10. 1 point
    When my capensis alba arrived in the post it was a sorry state. Dry Browning leaves and no dew. I had to put the soil back in the pot. I put it on the south facing window and kept it standing in water. After 6 weeks it was covered in dew and started throwing up flower stalks. So far 4 flower stalks. Its a good idea never to give up on these plants it seems
  11. 1 point
    Just a thought. Try putting the plant and pot in a plastic bag to keep the humidity high for a couple of weeks or so and make sure it stands in about a half inch of rainwater at all times. However, remove the bag before 2 weeks are up if you see any sign of mould developing inside. D. capensis will naturally die back in the winter especially when cold, so has yours been exposed to cold conditions after repotting? Do not give up on it even if it loses all its leaves as after a winter cold spell, it will usually regrow from the base of the the plant or the roots so long as it has not been kept over wet while it has effectively been hibernating. Kind regards, Rob
  12. 1 point
    It doesn't sound like you are doing anything wrong. What kind of soil is the carnivorous plant mix? Make sure it doesn't have any added nutrients or isn't contaminated with salts. You could also check for pests.
  13. 1 point
    Thanks to Mike for inviting me over today, had a great time. However, I need to polish up on the snooker front i think lol.
  14. 1 point
    Both are correct in a way. Drosera (and in fact many other plants) quickly turn red if there's enough sunlight as a means to protect against being burned. At this point the plants are most definitely burned, despite the red colour mechanism, because they haven't seen light of such intensity for a long time. These leaves won't produce dew anymore. The new leaves, however, will be adapted to the strong lights, won't burn, but will still look reddish. The red colour goes away again as the light intensity diminishes. Usually, Drosera leaves will be a dark green, with red tentacles. It's all very similar to humans getting a tan to protect against the sunlight. If you stay in the sunlight for too long before your skin has managed to acclimatise (by tanning), you'll get burned.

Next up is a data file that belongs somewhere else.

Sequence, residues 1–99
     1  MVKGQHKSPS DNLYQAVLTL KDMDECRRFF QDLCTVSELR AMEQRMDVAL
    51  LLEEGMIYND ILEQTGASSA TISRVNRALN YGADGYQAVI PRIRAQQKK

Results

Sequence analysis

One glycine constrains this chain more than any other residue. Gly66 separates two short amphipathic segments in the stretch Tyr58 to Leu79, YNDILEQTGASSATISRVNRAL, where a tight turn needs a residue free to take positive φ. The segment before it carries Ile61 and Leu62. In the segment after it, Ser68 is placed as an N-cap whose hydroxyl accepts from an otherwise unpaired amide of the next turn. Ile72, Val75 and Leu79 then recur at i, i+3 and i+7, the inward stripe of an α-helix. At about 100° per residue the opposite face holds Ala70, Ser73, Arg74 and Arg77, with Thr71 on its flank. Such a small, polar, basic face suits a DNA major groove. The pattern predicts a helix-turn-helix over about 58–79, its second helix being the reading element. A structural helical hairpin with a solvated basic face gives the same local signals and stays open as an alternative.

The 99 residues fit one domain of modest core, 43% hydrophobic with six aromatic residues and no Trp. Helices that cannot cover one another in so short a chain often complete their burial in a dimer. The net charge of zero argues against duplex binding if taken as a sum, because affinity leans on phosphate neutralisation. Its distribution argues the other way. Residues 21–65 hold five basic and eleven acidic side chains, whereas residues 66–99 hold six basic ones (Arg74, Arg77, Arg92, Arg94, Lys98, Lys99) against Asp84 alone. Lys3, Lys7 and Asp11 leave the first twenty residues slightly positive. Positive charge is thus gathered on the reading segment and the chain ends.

15. 1 point
    Of all the Nepenthes I owned until now, the easiest (even more than the typical garden center N. x Ventrata) has been the N. Ventricosa red I purchased last year. I think it is one of those that Hampshire Carnivorous plants sells with the BE code 3772. The adult pitcher pic they uploaded doesn't match though, it looks like a trap from the N. Ventricosa Madja-As form (that in my experience it is a more fussy plant). The traps are more red with some speckles.
  16. 1 point
    I've air-layered Nepenthes several times, and that would really be the same thing. All indications are that it would root, especially if you make an upward cut below a node, and put a bit of sphagnum and rooting hormone it it, and everything would keep living and growing.
  17. 1 point
    So, I bought a Nepenthes x ventrata recently, and I have some questions about nepenthes vining. So, my questions are, if when my Nepenthes starts a vine I bury the vine in another pot with a growth point just below the surface, will it form a seperate connected rosette, will the vine stop or continue growing, and will the two rosettes be able to share minerals, water and such over the vine connecting them? Or will they just separate eventually?
  18. 1 point
    Hello, Some Pictures from my highland Setup: N. villosa small but some nice teeth: N. x trusmadiensis, one of the nicest hybrids: N. edwardsiana going to open very soon: N. lowii: Small N. hurrelliana: N. truncata: N. veitchii x lowii. Whole Setup: Best regards, Henrik
  19. 1 point